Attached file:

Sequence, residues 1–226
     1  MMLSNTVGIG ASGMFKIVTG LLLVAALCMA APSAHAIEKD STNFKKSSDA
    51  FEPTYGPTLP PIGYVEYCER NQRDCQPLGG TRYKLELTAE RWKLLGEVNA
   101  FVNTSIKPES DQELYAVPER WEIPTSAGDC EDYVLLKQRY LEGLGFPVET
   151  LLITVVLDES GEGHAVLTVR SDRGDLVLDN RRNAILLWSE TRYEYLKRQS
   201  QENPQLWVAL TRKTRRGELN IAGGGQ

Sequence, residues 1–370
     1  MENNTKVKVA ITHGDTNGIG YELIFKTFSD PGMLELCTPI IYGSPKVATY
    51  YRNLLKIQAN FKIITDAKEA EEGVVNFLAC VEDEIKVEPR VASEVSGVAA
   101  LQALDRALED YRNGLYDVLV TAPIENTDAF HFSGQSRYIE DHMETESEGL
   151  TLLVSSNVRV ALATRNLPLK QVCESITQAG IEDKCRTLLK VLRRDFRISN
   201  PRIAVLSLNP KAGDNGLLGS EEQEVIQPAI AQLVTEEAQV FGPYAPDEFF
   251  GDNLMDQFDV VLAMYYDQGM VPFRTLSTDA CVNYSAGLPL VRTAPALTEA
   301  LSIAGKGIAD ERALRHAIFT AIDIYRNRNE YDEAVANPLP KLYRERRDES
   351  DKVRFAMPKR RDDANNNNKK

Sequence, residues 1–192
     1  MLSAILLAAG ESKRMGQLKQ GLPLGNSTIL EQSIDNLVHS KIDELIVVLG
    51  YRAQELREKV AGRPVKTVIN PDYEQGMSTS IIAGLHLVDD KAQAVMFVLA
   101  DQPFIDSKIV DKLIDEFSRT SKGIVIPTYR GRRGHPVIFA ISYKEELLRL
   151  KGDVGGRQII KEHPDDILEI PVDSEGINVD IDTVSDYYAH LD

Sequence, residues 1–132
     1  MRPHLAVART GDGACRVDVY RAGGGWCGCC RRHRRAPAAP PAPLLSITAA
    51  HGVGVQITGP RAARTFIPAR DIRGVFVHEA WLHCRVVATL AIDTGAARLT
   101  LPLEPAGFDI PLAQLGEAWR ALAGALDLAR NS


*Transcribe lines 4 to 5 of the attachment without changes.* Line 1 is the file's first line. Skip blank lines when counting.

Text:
   101  FVNTSIKPES DQELYAVPER WEIPTSAGDC EDYVLLKQRY LEGLGFPVET
   151  LLITVVLDES GEGHAVLTVR SDRGDLVLDN RRNAILLWSE TRYEYLKRQS